For example, the linguist Jacob Grimm articulated a pattern, noted by earlier linguists, called Grimm's Law or die Erste Lautverschiebung. In this pattern, p's do indeed turn into f's, and the word for foot, which in the most primitive languages begins with a p as in the case of the Sanskrit word for foot, begins with an f in developed languages. Likewise the word for fish. Grimm's Law also reveals patterns in which b's turn into p's, d's turn into t's, and g's turn into k's. Many of these changes can be documented, because they are recorded in some of the earliest samples of writing to survive. But such shifts do not apply with the consistency of algebraic properties. The shifts may occur at different times for different regions or for different sets of vocabulary; there are exceptions of various types.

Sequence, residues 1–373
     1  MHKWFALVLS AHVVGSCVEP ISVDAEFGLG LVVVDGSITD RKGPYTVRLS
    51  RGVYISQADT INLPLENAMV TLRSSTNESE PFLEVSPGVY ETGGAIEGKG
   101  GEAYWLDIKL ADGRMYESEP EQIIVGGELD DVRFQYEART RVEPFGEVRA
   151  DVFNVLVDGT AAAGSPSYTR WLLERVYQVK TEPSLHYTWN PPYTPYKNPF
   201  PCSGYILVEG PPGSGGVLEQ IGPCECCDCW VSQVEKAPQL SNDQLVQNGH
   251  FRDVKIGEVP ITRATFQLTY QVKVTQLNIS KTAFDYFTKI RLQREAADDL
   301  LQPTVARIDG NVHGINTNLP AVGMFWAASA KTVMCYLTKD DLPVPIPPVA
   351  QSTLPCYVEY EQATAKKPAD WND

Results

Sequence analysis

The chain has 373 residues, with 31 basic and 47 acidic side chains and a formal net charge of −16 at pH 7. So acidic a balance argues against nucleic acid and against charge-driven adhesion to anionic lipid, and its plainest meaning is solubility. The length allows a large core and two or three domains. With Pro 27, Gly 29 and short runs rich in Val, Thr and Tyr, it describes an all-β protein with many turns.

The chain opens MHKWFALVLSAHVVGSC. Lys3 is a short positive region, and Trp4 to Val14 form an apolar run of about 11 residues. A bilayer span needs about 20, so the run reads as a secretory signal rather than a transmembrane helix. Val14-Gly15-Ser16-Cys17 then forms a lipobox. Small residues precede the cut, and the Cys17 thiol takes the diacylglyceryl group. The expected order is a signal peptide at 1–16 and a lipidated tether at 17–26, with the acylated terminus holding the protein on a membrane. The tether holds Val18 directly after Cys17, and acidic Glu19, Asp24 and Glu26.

This complex algebra of sounds gives rise to an intricate science. It is sounds which primarily interest the historical linguist; the written symbols must be understood as merely the conveyors of sound. Writing can be misleading in this regard, for the same th that represents the sounds in thick and thistle also represents the different sounds in lithe and tithe. And, of course, the different letter of the Greek and Cyrillic and Runic alphabets can present the same sounds.

While not strictly universal, shifts such as those described in Grimm's Law provide clues to linguists, because they are directional. In large numbers, p's turn into f's, but not the other way around.